Matthew Olzmann

          — American crime procedural television series (2005-2017)

It amazes me that people like Temperance Brennan exist.

Even if she doesn’t actually exist. That people like her exist.

The world is full of people that murder people

and there need to be people

who can look at the remains of the murdered,

even when the remains are unidentifiable, people

who can glance at a radius or ulna, and tell you:

how long ago, and how old, and were they in pain,

did they like dancing, and how death arrived with a heart

full of malice and an ice pick in one hand.

I have no idea how she sees what she sees.

When I look at things I see only the seeable thing itself,

not the thing it was, not the thing it could be,

not the thing inside kept secret from the world

because the world would bring it harm.

I look at buildings and don’t see the wires and pipes

behind the concrete and plaster. I look at my front lawn

and don’t see the earthworm beneath it all

with its multiple hearts sobbing in the dark. Thus, I conclude

Dr. Brennan (author, FBI consultant, forensic anthropologist)

is a modern superhero and should be enshrined as such.

Her superpower is not the ability to solve murders,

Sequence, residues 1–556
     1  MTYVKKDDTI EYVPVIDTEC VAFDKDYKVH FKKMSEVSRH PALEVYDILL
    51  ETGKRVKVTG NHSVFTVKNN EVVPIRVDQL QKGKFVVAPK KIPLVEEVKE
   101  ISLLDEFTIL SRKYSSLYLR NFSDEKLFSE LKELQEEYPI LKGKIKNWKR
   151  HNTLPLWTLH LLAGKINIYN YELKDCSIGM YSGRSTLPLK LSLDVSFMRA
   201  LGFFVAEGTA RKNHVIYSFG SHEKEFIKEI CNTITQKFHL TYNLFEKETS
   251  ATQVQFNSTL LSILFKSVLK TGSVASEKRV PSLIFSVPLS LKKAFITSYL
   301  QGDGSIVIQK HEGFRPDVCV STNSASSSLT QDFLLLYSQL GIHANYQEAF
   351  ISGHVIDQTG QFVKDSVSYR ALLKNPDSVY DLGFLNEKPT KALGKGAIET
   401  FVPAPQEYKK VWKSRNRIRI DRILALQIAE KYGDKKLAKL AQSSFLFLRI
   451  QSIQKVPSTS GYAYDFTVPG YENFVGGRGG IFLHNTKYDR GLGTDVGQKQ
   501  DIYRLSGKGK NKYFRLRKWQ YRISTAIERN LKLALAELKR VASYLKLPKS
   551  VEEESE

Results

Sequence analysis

but the ability to look at a pile of bones and see a person.

Today, most people are not able to see a person

even when looking at an actual person.

I’d like to think I’m better, but last week

some guy called me a libtard and for five seconds

I forgot he was a member of our species.

I hated him, just a little, but multiply that feeling

by a few thousand years, and you have the Problem

of Civilization. Last week, an old episode of Bones was on TV.

There was a scene where Brennan examined a skull

alone in her lab. I paused it because a single frame

reminded me of Caravaggio’s Saint Francis in Prayer.

In the painting, the saint looks down at the skull,

the skull stares up at the saint,

each one studying the other,

trying to solve that original mystery.

They’ve been this way for centuries.


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